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The Student News Site of Fresno Christian High School

The Feather

The Student News Site of Fresno Christian High School

The Feather

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Cell phone rules instigate controversy

As the teacher passed out the exam, the students anxiously ran over the material in their minds. Cautiously they began to fill in the Scantron sheets, hoping they’d studied enough. The room was completely quiet until the silence was rudely broken by the sound of Britney Spears’ voice singing, “Womanizer, womanizer, womanizer, baby.” Someone’s cell phone was going off.

Surely every student has experienced the disruption of a cell phone at least once during their years of being in class. While most agree that cell phones can be a huge disturbance, opinions on restrictions vary.

For campus teachers and staff, cell phone disruptions are beyond annoying. So frustrated were the teachers and staff by cellular disturbances, several years ago administration outlawed all cell phones in the building between the hours of eight and three, even during lunches and breaks. However, they quickly reverted back to the rules of not allowing cell phone usage in the buildings.

On the morning of Oct. 22, I got a text from my nanny regarding my after-school pickup time. I walked into my class and silently texted her backwith my phone in my backpack.

Unfortunately, after I had finished my message, my teacher approached me and announced that he had seen me texting in my backpack. He demanded I forfeit my phone. I felt extremely humiliated and frustrated that I did not have a chance to tell my side of the story.

I put the phone on his desk. Little did I know, a talk with Molly Sargent, vice principal, would follow.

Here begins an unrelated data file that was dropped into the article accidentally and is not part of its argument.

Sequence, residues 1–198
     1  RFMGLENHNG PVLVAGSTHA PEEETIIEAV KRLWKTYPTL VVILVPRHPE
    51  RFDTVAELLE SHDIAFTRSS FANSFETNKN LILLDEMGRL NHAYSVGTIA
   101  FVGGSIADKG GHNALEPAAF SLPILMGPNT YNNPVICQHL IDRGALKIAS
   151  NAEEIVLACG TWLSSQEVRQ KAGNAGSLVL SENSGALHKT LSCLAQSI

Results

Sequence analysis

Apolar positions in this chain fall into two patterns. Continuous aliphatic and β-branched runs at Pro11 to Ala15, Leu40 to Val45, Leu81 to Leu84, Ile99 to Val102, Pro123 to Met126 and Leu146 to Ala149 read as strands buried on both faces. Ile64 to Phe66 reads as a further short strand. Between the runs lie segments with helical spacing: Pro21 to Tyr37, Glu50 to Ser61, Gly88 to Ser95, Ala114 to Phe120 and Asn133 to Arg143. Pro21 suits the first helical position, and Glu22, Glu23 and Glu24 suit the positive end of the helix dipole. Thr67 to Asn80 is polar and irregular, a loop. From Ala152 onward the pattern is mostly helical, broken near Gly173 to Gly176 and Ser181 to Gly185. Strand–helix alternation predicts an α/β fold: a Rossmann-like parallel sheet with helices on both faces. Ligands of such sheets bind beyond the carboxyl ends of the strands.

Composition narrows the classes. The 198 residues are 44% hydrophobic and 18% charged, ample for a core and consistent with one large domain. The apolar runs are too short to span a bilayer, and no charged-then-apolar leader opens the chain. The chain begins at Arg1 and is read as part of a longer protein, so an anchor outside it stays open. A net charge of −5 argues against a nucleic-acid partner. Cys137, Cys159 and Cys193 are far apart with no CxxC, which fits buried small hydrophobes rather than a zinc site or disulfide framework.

Sargent was kind in her reprimand of my behavior, despite my embarrassment. She firmly let me know that, regardless of the situation, I was not to be texting in class. If I needed to communicate with an outside source, she said, I should ask for the teacher’s permission to take my cell phone outside.

She also warned me that, should my phone be taken away again, my parents would be required to pick up my phone. I walked out of Sargent’s office content with the way the short meeting had gone.

While teachers may feel confident that the cell phone rules help the school function well, many students, including myself, feel frustrated by the guidelines. Some wonder why cell phones are banned during special circumstances, such as family emergencies. Yet teachers are stringent in the enforcement of the rules.

Unfortunately, some teachers are so steadfast that they even come across as uncaring. Sometimes students honestly forget to turn off their phones and teachers’ responses may be misconstrued as only punitive.

Some students also feel as though teachers are hypocritical in their behaviors because occasionally a teacher’s cell phone may ring during class. Students should not be criticized and condemned for accidental behaviors when their instructors break the rules.

Nonetheless, whether one deems cell phones necessary or disruptive, the administration creates use policies and as students we should follow these rules to the best of our abilities.

For more information on cell phone rules, read the May 6 New law stalls drivers’ conversations.

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